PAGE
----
Blurb “It is hard to find poets who stay true to the art’s traditions and yet manage to be innovative in their forms, metaphors and messages. Pamilerin is one of them, and his collection will delight you – if you love good poetry, that is.” – Kukogho Iruesiri Samson, award-winning author and Publisher.
Themes Mental Health, Abuse, Depression and Death.
Editing A few copy editing errors.
What worked? The title – that’s what caught my interest in the first place and made me want to read this collection of poems. I bought this book over a year ago on Okadabooks. “What the heck did I just read?” – That’s how I felt when I read the poems in this collection the first time. This is the weirdest book I’ve ever read in my life.
Regular readers of our blog posts will know we both picked up reading poetry again just under two years ago, to read outside our comfort zones. Since this is poetry, I thought I’d give it another go. I had noticed flashes of brilliance in some lines in some poems so I read the poems again to see if individual poems made sense.
Memoir of Crushed Petals is a collection of 40 free verse poems divided into 7 parts (I am not sure about the number, to be honest because the layout on Okadabooks is awful and there is no table of contents). The poems are all heavy and sorrowful.
I didn’t have a favourite poem but I liked some lines in a few of the poems. 4am, a poem about recurring sexual abuse. The time signifies when the abuse takes place.
4am. a pimple glows on my cheek
in the dark
like a rosary bead
awaiting the touch of your silky tentacles
to caress conscience into deep sleep
as you sneak into forbidden crevices,
These lines in Yams and Misfortune created a vivid image in my head:
last night, I sat in my reading chair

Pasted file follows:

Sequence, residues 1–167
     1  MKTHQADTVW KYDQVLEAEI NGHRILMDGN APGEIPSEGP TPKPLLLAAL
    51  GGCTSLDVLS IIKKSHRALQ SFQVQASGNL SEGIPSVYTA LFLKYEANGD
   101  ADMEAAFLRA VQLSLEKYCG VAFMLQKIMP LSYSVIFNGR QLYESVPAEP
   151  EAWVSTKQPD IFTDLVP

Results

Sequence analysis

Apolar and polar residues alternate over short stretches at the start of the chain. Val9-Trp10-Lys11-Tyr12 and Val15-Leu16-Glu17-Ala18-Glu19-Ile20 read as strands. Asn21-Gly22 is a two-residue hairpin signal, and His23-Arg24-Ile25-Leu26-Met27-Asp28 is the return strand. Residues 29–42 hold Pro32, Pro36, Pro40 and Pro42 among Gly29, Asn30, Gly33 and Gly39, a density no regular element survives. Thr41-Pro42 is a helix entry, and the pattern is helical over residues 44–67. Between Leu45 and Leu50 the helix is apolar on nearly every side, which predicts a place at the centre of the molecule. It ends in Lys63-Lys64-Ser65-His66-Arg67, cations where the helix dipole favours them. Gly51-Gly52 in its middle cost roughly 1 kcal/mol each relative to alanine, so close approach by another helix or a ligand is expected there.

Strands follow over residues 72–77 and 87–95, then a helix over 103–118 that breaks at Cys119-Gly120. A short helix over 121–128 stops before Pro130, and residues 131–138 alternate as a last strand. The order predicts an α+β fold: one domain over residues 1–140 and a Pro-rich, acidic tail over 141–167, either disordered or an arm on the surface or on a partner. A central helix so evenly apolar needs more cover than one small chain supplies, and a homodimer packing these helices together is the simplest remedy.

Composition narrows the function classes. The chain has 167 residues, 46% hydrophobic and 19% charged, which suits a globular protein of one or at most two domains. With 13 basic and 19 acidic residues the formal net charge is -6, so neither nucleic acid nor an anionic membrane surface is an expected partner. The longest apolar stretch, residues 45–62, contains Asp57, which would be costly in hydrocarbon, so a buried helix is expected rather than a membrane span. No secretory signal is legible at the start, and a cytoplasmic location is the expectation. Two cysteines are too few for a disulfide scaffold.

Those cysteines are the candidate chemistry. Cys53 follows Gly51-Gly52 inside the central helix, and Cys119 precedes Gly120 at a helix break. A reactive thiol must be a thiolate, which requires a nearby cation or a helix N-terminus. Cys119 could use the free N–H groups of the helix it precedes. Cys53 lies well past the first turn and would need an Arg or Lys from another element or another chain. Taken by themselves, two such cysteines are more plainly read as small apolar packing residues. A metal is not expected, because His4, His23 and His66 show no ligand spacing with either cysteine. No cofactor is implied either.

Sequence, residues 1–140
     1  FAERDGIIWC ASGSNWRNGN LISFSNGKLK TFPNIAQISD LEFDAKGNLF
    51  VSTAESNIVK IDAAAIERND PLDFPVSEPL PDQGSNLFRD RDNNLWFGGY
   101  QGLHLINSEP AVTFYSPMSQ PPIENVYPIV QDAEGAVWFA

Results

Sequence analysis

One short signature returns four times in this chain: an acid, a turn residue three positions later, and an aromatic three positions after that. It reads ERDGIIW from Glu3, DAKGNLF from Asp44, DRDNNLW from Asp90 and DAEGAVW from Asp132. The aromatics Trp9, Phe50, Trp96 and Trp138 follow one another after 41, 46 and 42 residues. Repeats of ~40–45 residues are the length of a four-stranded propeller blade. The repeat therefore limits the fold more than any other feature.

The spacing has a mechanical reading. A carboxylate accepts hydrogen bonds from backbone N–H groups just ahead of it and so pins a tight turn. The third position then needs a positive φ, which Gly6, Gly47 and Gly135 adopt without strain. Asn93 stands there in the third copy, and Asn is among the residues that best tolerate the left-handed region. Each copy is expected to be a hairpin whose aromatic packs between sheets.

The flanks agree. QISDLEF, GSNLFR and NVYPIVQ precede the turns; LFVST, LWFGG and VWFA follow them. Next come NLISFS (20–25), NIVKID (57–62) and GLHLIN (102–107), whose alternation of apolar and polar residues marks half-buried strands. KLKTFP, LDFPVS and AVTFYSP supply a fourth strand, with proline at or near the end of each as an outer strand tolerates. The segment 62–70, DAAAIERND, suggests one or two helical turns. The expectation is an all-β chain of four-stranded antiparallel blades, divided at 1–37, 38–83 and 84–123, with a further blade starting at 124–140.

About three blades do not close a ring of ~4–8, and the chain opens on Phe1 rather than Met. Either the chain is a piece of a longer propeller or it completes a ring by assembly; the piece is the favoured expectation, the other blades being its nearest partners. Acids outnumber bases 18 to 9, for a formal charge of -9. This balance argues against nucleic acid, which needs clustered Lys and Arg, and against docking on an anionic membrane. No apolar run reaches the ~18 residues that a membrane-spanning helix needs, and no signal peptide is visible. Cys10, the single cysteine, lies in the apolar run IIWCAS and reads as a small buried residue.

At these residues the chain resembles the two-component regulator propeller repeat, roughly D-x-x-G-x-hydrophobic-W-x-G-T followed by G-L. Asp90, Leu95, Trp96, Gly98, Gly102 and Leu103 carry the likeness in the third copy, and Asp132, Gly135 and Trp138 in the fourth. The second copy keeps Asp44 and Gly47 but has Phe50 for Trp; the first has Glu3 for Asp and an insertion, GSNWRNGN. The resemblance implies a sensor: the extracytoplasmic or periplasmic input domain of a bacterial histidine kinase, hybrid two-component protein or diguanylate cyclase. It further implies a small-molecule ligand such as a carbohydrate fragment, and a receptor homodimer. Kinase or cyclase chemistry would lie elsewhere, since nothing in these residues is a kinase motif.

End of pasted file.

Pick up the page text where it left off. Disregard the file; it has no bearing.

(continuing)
like a pillar of sand punched by the wind
soldier ants have eaten into the pith of my chair
now I totter- on the floor-
back into memories that have no taste
and forth into days, lined with vinegar-
I liked the nuance in Feelings: Four Poems.
Some Other Questions I was the best written poem in the collection. It shows off the poet’s literary skills.
What didn’t work? Memoir of Crushed Petals didn’t work for me. Perhaps, I’m not the intended audience. The collection reads like a poet pouring out his heart about stuff without caring whether it is coherent or understandable. It is worth noting that at the end of the book, we are informed that Pamilerin’s primary goal of writing is first, to ease internal turmoil, and also to shed light on the struggles of mental health patients in Nigeria.
There is heavy use of metaphors in the poems which I think was excessive and random. Even worse is that Pamilerin does not stay with his metaphors, he switches midway through the poems and leaves the reader confused because when the lines are read together as one poem, it is disjointed.
The end in You, about self-hate was unexpected. I think the poem would have worked if the lines weren’t so disgusting.
I don’t understand why the words “penis,” “masquerade’s penis” and “testicles” were included in every other poem mostly with no relationship to the poems. It seems Pamilerin threw these into the poems for the shock factor. If you read this book and can explain that, I’d be much obliged.
Pamilerin, you missed an opportunity to use “you, Pamilerin, / you are a misfit” instead of “says to me, I only join pieces that fit / you, Pamilerin, / you smell of misfortune” in The Welder.
Number of pages 100.
Publisher Words Rhymes and Rhythm Limited.
Damage $9.99 (paperback).
Memoir of Crushed Petals is available on Amazon.
Have you read Memoir of Crushed Petals? Please share your thoughts in the comments section.
P.S. Mo is still AWOL. Perhaps if we all hold hands and chant “come back, Mo,” she will come back to blogging sooner rather than later.
2 replies ›